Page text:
Dr. Nizar Wehbi, the North Dakota State Health Officer, spent an entire day – Thursday, November 16 – in Valley City. As Dr. Wehbi noted, “each person’s health is made up of three important components – physical, behavioral and economic health.” The Barnes County Behavioral Health Coalition spent time discussing how these three components tie together. Attendees representing over 20 organizations shared about the challenges being experienced as a community as well as the success of our local partnerships. Representatives from local public health, K-12, university, law enforcement, corrections, mental health providers shared about behavioral health and housing challenges.
As concerns were discussed, the overlap between behavioral and economic health became very apparent. “When someone is struggling to find or keep a roof over their head, it becomes really hard to be healthy,” states Theresa Will, City-County Health District Administrator. In January the ND Caring Foundation issued a report, "Health and Well-Being in North Dakota." Nearly 19% of lower-income householders living in Barnes County are paying 30% or more of their income towards housing costs. Recently a group of local leaders met to discuss ways to support housing for individuals. The group is looking for ways to improve access to low barrier and affordable housing.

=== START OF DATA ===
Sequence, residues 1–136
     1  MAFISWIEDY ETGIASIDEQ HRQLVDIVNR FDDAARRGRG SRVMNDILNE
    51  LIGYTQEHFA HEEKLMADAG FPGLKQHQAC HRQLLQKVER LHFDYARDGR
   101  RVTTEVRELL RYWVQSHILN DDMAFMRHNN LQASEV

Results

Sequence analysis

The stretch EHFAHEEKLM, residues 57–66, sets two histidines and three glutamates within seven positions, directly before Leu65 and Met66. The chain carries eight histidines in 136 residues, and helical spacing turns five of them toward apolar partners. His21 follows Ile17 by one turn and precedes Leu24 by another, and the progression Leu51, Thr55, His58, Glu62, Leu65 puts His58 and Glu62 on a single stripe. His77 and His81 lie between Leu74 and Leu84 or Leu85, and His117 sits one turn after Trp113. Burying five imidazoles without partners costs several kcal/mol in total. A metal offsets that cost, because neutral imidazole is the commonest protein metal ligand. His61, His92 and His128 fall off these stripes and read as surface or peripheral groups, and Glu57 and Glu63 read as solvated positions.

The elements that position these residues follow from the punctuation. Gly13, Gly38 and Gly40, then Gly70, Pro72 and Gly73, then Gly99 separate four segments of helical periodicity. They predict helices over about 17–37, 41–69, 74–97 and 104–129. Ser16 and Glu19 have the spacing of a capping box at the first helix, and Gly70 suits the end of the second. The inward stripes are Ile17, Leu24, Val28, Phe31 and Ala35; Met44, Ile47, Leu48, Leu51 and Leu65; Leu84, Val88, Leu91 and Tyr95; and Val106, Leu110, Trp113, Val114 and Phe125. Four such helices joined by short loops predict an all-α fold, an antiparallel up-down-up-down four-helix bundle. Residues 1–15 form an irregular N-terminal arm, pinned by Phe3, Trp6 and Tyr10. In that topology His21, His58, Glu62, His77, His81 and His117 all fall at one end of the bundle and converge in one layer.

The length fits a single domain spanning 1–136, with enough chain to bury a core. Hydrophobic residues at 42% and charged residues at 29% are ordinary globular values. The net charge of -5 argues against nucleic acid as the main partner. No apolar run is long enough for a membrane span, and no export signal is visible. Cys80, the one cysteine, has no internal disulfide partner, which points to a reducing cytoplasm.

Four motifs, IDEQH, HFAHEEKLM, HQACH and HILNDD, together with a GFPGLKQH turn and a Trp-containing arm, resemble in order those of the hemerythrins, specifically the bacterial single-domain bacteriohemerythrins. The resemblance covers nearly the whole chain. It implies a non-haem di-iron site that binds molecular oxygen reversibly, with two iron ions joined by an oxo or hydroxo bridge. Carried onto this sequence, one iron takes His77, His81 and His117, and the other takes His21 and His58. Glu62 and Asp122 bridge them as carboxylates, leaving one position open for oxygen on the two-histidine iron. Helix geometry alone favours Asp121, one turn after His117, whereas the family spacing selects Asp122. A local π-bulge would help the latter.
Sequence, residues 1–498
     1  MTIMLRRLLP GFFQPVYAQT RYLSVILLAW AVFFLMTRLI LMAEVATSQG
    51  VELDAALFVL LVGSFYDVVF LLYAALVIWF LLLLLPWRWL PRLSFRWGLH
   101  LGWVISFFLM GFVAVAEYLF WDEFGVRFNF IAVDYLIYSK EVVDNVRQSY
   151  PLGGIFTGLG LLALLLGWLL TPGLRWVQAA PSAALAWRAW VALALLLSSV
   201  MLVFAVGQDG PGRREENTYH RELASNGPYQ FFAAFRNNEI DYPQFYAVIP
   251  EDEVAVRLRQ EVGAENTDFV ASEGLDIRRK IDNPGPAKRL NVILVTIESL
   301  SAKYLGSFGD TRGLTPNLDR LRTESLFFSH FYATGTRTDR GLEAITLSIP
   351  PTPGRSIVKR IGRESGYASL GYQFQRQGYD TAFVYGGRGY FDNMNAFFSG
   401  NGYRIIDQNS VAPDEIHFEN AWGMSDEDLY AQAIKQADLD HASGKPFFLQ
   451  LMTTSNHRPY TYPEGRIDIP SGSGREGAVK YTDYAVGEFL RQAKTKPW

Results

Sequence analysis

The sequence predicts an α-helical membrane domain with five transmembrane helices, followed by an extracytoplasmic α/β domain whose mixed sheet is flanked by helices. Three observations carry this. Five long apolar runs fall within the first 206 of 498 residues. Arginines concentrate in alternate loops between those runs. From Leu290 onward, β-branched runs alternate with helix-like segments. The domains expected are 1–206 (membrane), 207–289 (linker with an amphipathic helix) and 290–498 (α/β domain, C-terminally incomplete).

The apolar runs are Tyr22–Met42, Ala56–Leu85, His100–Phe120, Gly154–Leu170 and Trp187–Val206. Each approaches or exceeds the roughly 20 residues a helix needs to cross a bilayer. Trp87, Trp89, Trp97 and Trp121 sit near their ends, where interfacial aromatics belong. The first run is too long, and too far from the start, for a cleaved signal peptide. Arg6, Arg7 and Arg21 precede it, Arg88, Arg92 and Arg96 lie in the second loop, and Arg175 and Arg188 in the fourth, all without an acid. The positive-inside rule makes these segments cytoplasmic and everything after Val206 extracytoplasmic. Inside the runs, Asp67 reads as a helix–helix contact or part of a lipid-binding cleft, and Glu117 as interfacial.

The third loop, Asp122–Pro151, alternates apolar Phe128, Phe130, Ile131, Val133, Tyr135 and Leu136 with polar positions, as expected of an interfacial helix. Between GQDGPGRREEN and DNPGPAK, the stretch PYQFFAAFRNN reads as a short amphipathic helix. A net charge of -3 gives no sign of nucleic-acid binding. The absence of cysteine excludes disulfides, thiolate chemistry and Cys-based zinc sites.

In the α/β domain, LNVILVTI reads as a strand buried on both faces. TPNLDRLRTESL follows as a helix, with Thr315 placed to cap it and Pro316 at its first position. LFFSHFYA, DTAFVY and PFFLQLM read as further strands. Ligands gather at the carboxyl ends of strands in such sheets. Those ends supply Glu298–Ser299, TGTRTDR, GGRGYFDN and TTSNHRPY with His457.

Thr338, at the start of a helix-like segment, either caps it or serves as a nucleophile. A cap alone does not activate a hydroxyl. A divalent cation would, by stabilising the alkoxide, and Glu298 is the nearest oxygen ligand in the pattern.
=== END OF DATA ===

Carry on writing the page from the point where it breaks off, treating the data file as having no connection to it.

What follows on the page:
The collaboration and dedication of attendees was noted – as public servants across fields are spending additional time supporting the behavioral needs of community members. Whether it is the increased length of calls for service related to mental health that law enforcement spends time responding to or the impacts experienced by K-12 professionals, the need for collaboration and broad community support is apparent.
“Valley City Public Schools has worked to elevate this message through the recent Mental Health Awareness Week held October 8-16, 2023,” stated Josh Johnson, Valley City Public Schools Superintendent. Through community support, the Access for All program has allowed students to access mental health providers regardless of income level.
Access to mental health providers and appropriate levels of care were discussed. As access to the State Hospital has decreased, local providers, law enforcement and corrections have had to shift how to meet individual’s behavioral health needs. “We need an appropriate level of access and mental health providers, as correctional officers, we are not mental health providers” stated Anna Berntson, Barnes County Corrections Lieutenant. Dr. Wehbi reminded everyone that supportive legislation is an important part of this process.